Background Information

Kenya’s economy is nature-based with its water towers influencing livelihoods of beneficiaries of ecosystem services, both adjacent and further afield. Communities living in upstream and multifunctional landscapes are providers of important ecosystem services that benefit users further downstream. Kenya’s forested landscapes, including Kenya’s water towers, store rainwater, regulate river flows and prevent runoff. These landscapes also recharge ground-water aquifers, improve soil fertility, and reduce soil erosion and sediment flow into river water. They further regulate local climatic conditions for commercial agriculture, and act as carbon reservoirs and sinks. Kenya’s electricity (80%) is generated from reservoirs drained by rivers from Kenya’s water towers.

Kenya's WaTER Towers.

The ability of Kenya’s forested ecosystems to continue to provide critical ecosystem services, in a sustained manner to adjacent communities and beneficiaries further afield is being threatened by deforestation and land degradation. Deforestation has reduced Kenya’s forest coverage from 12% in the 1960s to currently 6.9%. Deforestation costs the Kenyan economy an estimated KES 5.8 billion per year. An estimated 50,000ha lost between 2000 and 2010, has resulted in cumulative negative effects amounting to KES 3,652 Million per year, more than 2.8 times the cash revenue of deforestation. The contribution of forests to Gross Domestic Product (GDP) is estimated to be around 3.6%.Recognition of Kenya’s water towers economic importance and threats posed by their degradation has necessitated rehabilitation and restoration actions. Vision 2030, Kenya’s long-term planning blueprint, pursues conservation of water towers as a flagship project in MTP II adopted in 2013. The Government through the National Climate Change Response Strategy in 2010 and a National Climate Change Action Plan, 2012 pursues low carbon climate resilience through the design and implementation of low emission development strategies.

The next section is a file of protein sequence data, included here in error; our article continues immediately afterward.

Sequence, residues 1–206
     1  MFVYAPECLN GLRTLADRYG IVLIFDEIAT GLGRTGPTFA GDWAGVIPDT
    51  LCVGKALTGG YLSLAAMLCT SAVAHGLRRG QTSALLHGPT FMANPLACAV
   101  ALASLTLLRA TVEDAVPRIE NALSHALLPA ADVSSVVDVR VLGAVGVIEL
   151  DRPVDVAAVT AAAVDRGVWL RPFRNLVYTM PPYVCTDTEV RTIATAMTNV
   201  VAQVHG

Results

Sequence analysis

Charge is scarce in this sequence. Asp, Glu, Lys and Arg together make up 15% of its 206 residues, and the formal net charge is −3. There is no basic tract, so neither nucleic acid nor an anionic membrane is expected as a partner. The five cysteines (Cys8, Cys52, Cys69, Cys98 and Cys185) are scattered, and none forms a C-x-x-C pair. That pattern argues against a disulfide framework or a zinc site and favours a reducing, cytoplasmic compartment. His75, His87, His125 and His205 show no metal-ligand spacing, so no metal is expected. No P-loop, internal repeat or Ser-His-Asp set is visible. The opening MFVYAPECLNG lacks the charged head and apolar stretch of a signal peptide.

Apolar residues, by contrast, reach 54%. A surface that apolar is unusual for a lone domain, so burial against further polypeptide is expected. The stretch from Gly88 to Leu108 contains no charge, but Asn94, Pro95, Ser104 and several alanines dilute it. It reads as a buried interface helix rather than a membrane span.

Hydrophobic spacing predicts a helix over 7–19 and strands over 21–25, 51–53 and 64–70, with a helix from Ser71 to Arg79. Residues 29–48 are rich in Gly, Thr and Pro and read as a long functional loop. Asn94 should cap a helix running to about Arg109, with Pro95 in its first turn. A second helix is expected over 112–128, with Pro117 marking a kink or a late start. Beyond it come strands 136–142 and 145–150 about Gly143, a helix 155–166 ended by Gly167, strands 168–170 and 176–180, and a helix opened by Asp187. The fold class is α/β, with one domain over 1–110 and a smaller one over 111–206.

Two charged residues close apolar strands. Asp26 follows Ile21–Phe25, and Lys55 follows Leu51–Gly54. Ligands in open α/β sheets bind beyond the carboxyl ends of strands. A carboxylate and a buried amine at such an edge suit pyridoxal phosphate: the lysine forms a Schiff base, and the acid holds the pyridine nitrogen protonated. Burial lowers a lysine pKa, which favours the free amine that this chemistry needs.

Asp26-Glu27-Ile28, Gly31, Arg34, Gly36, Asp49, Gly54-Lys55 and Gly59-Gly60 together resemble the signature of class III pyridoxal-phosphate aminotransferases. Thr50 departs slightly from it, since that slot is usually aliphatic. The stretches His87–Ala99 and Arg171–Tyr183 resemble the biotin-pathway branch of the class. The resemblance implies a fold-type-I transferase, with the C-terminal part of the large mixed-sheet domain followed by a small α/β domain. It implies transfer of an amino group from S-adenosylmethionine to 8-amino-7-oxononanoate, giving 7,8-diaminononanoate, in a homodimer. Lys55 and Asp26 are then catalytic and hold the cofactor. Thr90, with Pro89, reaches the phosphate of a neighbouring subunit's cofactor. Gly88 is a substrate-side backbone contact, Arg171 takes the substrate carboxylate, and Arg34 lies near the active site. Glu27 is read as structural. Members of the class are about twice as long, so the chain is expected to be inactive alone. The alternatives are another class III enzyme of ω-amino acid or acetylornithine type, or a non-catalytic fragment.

Given the importance of Kenya’s forested ecosystems for economic development in terms of the ecosystem services they provide, the newly enacted constitution provides for a 10% tree cover of the land area in Kenya. A strategy to achieve this target includes requiring landowners to have 10% on-farm tree cover. Decentralised planning and empowering of communities have been adopted to ensure sustained provision of ecosystem services.


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